Aside from referrers’ clear-cut preference for structured reports, radiologists have added cause to adopt the use of structured reporting. At its annual meeting last summer, the 2007 Intersociety Conference urged the adoption of structured reports, according to an article by N. Reed Dunnick, MD, and Curtis P. Langlotz, MD, in the May 2008 issue of the Journal of the American College of Radiology.
Because the reports are organized into sections that are consistent and that use standardized language, they are more easily mined for key information that is increasingly necessary to document quality metrics linked to pay-for-performance programs, the authors wrote. While there are a few structured reporting systems for radiology on the market, radiologists can make progress toward satisfying referrers’ preference for structured reports by using the standard macros available in most speech-recognition programs. The conference participants also supported the continued use of free text, which enables radiologists to expand on findings.
There remains, however, the challenge of creating those macros, and the conference participants urged the creation of best-practices structured reports using a standard radiology lexicon across all reports for examinations, interventions, and radiation oncology. The conference suggested that professional societies take the lead in developing these best-practices reports, enlisting subspecialists and referring physicians to develop the report templates. The reports could then be adapted for local conditions.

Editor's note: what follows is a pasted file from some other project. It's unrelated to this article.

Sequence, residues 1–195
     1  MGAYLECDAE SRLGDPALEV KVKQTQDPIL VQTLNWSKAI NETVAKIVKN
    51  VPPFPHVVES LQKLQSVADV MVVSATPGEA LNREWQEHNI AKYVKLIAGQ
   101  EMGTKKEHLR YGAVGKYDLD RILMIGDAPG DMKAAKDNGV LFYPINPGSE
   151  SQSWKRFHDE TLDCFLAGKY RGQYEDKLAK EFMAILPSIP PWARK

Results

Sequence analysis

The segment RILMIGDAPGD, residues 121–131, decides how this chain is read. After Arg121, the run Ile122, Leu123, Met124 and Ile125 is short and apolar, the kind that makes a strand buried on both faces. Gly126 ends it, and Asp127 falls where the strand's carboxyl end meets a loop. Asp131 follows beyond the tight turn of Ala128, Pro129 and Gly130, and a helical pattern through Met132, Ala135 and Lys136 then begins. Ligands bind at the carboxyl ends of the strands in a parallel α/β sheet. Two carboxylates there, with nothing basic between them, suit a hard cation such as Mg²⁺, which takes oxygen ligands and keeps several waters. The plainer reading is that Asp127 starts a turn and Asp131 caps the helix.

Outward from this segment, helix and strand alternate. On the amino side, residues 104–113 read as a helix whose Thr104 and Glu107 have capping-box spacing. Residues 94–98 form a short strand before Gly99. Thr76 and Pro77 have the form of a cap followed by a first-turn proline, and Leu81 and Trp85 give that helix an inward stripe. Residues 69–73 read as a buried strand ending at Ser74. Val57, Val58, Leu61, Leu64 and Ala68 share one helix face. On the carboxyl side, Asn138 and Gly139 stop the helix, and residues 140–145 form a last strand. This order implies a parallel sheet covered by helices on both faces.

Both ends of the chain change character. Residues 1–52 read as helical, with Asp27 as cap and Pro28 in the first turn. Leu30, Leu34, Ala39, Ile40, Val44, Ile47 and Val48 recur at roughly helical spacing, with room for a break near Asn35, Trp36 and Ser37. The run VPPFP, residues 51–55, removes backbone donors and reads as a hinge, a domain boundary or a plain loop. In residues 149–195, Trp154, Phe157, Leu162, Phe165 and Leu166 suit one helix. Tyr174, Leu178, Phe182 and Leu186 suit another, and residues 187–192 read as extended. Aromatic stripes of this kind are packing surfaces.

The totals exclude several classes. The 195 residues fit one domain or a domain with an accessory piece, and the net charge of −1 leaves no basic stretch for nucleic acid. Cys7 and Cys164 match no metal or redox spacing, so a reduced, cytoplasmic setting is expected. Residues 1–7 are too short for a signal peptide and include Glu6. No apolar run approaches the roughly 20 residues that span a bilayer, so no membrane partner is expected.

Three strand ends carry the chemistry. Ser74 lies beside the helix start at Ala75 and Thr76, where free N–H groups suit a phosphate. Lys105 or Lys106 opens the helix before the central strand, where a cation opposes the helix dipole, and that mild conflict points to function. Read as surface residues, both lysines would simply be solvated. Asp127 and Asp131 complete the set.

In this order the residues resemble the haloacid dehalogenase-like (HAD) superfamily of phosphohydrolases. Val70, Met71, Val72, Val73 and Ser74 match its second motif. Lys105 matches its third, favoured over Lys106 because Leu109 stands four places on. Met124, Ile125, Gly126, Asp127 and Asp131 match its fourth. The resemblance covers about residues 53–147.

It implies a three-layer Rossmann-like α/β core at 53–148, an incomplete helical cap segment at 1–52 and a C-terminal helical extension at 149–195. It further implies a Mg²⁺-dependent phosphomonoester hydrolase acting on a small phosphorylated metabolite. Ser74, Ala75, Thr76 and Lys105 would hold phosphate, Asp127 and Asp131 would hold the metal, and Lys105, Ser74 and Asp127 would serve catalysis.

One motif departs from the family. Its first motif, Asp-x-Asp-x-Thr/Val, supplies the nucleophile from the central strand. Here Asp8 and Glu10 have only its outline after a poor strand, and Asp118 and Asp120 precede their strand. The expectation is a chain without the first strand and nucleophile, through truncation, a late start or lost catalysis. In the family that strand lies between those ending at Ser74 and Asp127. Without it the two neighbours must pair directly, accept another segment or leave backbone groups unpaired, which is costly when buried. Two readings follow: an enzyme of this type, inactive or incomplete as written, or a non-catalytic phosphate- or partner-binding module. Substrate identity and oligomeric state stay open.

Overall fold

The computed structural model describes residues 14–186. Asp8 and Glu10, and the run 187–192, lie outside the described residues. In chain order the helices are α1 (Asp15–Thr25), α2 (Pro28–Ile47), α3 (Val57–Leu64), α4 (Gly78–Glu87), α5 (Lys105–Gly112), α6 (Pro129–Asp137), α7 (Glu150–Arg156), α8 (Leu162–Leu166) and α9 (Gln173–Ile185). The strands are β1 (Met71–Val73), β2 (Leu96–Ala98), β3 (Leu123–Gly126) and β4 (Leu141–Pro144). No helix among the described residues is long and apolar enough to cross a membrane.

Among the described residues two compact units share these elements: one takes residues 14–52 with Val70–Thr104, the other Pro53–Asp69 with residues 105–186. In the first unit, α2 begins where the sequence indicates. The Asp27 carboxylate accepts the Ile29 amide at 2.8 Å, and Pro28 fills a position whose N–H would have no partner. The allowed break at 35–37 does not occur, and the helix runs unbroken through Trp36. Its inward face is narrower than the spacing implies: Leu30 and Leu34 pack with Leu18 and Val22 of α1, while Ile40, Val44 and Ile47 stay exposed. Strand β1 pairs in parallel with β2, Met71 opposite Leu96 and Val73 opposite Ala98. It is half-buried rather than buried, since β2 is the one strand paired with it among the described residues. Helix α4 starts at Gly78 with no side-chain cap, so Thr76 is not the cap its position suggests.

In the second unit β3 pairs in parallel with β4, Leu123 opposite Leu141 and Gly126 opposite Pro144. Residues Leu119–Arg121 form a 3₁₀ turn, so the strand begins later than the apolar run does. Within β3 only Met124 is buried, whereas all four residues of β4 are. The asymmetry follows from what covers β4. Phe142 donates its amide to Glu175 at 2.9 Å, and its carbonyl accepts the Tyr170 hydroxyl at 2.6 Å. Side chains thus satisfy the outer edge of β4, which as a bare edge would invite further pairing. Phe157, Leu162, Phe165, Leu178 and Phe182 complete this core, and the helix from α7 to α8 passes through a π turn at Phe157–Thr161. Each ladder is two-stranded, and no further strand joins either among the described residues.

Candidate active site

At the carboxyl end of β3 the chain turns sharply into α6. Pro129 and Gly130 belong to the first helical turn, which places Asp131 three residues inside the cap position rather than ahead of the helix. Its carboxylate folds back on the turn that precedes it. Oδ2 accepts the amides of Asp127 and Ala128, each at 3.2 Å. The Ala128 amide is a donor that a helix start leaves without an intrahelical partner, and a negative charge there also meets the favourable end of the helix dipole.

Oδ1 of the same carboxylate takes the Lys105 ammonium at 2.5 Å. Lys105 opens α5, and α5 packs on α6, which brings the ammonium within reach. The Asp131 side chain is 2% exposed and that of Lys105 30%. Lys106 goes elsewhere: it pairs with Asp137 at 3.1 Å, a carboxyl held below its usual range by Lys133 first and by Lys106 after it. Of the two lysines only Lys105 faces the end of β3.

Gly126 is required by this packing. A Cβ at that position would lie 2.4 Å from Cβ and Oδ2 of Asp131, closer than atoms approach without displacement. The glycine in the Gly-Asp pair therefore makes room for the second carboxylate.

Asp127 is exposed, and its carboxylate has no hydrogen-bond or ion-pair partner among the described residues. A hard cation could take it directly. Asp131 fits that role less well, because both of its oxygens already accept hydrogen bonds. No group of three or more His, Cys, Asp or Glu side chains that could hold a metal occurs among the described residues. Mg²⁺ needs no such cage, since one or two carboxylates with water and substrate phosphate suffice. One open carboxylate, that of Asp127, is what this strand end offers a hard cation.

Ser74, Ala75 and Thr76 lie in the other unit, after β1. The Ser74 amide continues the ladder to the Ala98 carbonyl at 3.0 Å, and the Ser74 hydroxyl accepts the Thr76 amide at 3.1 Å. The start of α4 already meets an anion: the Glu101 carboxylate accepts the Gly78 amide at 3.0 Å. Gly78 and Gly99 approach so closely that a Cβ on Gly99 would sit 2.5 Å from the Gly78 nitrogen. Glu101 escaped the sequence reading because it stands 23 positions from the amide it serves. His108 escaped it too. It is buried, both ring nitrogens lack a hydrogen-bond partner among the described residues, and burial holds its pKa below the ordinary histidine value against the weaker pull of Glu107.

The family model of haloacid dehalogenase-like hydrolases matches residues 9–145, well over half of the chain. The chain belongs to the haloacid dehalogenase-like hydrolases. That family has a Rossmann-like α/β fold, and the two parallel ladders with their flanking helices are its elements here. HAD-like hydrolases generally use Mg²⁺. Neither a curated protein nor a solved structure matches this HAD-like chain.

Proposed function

Communication of results was also addressed by the conference, which urged enhanced communications for findings:
- for which urgent intervention is required;
- not anticipated by the patient’s presentation; or
- In a final report, when they are significantly different from the preliminary interpretation.
The conference also noted that radiologists should be aware that some patients, particularly those who are knowledgeable about their conditions, will access their reports and should have the opportunity to discuss findings with the radiologist.
The participants supported the use of one or two key images embedded in the report, with arrows marking relevant findings and comparisons with previous studies, as a real value to referring physicians and their patients. The use of annotated images is enabled by the DICOM Key Object Selection object.
The authors warned radiologists, however, to resist saying, “See image,” rather than describing the findings. “The temptation must be avoided, because part of the value of radiologists is lost if the findings are not described and their significance analyzed,” they wrote.
Because structured reporting represents such a dramatic paradigm shift for radiologists, the conference participants predicted sustained resistance to the transition. They also noted, however, that once the transition begins, radiologists will find it impossible to turn back due to the enhanced value of annotated images perceived by referring physicians and their patients.